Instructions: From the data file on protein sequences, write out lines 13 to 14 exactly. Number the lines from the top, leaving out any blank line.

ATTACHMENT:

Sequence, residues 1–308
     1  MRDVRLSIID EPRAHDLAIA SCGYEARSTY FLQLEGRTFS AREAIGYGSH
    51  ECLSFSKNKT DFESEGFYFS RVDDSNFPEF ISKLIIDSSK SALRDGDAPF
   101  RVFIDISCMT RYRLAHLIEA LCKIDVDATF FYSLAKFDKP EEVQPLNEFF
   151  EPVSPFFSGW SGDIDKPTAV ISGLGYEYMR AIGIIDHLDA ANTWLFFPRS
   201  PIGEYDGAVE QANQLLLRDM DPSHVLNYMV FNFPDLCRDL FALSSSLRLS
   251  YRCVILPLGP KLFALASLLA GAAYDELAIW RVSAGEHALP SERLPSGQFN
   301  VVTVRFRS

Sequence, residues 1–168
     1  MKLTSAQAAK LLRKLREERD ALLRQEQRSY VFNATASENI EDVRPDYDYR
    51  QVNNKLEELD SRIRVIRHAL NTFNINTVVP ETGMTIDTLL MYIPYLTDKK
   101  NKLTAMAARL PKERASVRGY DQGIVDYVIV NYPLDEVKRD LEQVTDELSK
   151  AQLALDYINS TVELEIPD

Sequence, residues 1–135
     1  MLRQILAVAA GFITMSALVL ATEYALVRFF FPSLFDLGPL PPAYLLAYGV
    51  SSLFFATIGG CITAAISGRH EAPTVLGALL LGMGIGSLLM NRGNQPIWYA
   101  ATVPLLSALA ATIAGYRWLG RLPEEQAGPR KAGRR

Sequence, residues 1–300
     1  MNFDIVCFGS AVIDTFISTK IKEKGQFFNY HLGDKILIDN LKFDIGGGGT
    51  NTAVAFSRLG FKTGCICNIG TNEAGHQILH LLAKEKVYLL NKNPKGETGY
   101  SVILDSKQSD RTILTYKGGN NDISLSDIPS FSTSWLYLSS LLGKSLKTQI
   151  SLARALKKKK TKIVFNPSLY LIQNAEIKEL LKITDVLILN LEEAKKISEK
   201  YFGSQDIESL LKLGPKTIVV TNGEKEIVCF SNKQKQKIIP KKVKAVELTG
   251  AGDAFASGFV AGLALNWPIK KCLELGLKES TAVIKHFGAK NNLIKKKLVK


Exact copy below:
   151  AQLALDYINS TVELEIPD

Sequence, residues 1–135